2. Installing the necessary dependencies for the dashboard components:

     yarn add chart.js react-chartjs-2

    These are the essential tools for our data visualization needs.

    The package.json under FE should look like this:

       "name": "FE",
       "private": true,
       "version": "0.0.0",
       "type": "module",
       "scripts": {
         "dev": "vite",
         "build": "vite build",
         "lint": "eslint . --ext js,jsx --report-unused-disable-directives --max-warnings 0",
         "preview": "vite preview"
       "dependencies": {
         "autoprefixer": "^10.4.16",
         "chart.js": "^4.4.1",
         "postcss": "^8.4.32",
         "react": "^18.2.0",
         "react-chartjs-2": "^5.2.0",
         "react-dom": "^18.2.0",
         "tailwindcss": "^3.3.6"
       "devDependencies": {
         "@types/react": "^18.2.43",
         "@types/react-dom": "^18.2.17",
         "@vitejs/plugin-react": "^4.2.1",
         "eslint": "^8.55.0",
         "eslint-plugin-react": "^7.33.2",
         "eslint-plugin-react-hooks": "^4.6.0",
         "eslint-plugin-react-refresh": "^0.4.5",
         "vite": "^5.0.8"
  3. Rendering the UI:

    In src/App.js, we code the logic to fetch the UI configuration from our server and render it dynamically, bringing our dashboard to life.

     import { useEffect, useState } from 'react';
     import InfoCard from './components/InfoCard';
     import Chart from './components/Chart';
     import Table from './components/Table';
     function App() {
       const [dashboardConfig, setDashboardConfig] = useState(null);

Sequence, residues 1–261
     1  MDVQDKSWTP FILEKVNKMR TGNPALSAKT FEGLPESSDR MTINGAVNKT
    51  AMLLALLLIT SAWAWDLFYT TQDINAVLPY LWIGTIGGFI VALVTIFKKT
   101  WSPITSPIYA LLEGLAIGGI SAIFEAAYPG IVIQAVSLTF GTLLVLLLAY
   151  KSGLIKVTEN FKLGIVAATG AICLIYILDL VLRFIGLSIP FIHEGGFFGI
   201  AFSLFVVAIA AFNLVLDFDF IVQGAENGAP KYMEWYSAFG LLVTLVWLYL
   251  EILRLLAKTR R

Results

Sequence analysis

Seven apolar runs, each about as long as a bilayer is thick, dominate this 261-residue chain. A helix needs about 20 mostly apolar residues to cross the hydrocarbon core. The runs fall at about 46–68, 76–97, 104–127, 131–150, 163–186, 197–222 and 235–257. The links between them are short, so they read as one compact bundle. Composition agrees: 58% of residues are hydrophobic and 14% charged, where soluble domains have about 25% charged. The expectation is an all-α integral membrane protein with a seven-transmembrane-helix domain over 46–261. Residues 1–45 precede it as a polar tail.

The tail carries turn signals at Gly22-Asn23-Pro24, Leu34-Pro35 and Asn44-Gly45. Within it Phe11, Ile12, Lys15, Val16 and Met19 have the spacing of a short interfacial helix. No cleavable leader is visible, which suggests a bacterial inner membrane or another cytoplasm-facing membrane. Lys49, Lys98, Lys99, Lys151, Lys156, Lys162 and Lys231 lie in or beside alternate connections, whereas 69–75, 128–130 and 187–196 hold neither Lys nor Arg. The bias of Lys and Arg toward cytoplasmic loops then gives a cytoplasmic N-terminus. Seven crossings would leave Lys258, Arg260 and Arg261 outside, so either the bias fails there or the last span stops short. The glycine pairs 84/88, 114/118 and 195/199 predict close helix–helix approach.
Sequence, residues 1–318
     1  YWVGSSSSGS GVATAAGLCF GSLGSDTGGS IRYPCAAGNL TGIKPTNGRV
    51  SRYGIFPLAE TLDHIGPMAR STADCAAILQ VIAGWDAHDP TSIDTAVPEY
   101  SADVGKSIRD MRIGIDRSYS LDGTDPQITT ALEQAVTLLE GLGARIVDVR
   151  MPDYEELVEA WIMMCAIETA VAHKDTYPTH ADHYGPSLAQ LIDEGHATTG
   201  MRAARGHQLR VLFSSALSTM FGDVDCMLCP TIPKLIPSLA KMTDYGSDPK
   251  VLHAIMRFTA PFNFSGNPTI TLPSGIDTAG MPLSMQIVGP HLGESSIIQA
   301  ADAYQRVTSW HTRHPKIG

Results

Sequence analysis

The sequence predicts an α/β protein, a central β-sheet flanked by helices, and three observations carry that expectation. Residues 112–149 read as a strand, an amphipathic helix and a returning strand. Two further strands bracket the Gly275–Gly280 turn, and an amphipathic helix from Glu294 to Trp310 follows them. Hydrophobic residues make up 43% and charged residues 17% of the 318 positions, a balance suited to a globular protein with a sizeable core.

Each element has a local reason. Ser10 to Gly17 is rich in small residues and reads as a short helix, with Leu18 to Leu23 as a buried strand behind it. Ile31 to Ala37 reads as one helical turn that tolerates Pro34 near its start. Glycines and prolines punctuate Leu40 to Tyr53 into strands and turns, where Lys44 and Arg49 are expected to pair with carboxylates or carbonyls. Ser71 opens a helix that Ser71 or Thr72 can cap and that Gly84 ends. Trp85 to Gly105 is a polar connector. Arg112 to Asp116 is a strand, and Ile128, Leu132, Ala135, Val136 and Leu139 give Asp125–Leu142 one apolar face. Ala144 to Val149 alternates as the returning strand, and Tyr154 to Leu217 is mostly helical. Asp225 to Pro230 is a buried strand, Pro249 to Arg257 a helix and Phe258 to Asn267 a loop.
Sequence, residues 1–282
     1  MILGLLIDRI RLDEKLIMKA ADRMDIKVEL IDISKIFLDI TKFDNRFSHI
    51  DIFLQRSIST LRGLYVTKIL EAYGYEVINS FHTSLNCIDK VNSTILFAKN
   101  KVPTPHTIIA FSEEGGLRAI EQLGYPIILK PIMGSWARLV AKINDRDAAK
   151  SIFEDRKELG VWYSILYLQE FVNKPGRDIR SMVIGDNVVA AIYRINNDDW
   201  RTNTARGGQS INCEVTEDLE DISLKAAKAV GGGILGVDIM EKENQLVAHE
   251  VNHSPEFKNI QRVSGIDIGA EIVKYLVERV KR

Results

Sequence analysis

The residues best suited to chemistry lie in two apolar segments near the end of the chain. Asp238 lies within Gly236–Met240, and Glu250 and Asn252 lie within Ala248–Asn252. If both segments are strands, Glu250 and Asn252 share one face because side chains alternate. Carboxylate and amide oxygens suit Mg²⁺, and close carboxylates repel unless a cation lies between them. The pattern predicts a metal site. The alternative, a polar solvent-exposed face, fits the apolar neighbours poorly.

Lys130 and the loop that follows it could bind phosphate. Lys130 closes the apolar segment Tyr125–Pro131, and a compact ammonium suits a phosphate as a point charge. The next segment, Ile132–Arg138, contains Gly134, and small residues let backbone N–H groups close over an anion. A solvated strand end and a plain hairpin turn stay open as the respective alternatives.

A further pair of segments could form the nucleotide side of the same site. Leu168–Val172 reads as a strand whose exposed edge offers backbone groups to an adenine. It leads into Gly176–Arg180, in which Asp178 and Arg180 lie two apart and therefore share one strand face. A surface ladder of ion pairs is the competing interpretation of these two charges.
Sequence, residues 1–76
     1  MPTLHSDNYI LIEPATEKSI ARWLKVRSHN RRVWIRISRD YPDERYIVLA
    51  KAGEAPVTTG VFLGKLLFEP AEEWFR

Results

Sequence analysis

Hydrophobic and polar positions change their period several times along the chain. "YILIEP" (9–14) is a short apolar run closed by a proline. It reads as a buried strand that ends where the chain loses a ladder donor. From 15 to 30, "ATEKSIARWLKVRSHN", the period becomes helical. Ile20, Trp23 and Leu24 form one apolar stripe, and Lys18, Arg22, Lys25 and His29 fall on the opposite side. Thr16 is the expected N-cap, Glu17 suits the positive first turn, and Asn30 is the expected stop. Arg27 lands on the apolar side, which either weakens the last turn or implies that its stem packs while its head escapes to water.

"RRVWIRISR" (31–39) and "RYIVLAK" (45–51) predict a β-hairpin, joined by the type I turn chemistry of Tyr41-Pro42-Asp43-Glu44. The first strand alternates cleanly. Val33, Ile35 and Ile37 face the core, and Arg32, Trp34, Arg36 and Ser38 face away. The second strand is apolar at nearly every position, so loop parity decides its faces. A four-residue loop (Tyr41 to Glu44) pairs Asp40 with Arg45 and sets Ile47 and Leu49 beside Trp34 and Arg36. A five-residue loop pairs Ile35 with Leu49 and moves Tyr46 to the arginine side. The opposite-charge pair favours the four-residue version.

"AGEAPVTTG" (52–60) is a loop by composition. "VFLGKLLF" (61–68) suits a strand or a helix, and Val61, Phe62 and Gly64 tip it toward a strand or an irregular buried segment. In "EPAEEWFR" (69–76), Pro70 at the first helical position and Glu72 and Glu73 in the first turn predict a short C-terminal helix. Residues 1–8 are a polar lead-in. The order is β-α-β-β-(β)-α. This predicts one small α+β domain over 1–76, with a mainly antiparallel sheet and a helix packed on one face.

useEffect(() => {
           .then((response) => response.json())
           .then((data) => setDashboardConfig(data));
       }, []);
       const renderWidget = (widget) => {
         switch (widget.type) {
           case 'infoCard':
             return <InfoCard key={widget.title} {...widget} />;
           case 'chart':
             return <Chart key={widget.title} {...widget} />;
           case 'table':
             return <Table key={widget.title} {...widget} />;
             return null;
       return (
           {dashboardConfig ? (
             <div className='max-w-5xl m-auto'>
               <h1 className='text-4xl m-auto mb-2 p-2'>{dashboardConfig?.title}</h1>
               <div className='widgets'>
           ) : (
     export default App;

    In src/components we create three new widget components that our App.js imports to support the configuration fetched from the backend

     // Chart.jsx
     import React from 'react';
     import { Line } from 'react-chartjs-2';
     import {
       Chart as ChartJS,
     } from 'chart.js';
     const Chart = ({ title, data }) => {
       const chartData = {
         labels: data.labels,
         datasets: [
             label: title,
             data: data.values,
             fill: false,
             backgroundColor: 'rgb(75, 192, 192)',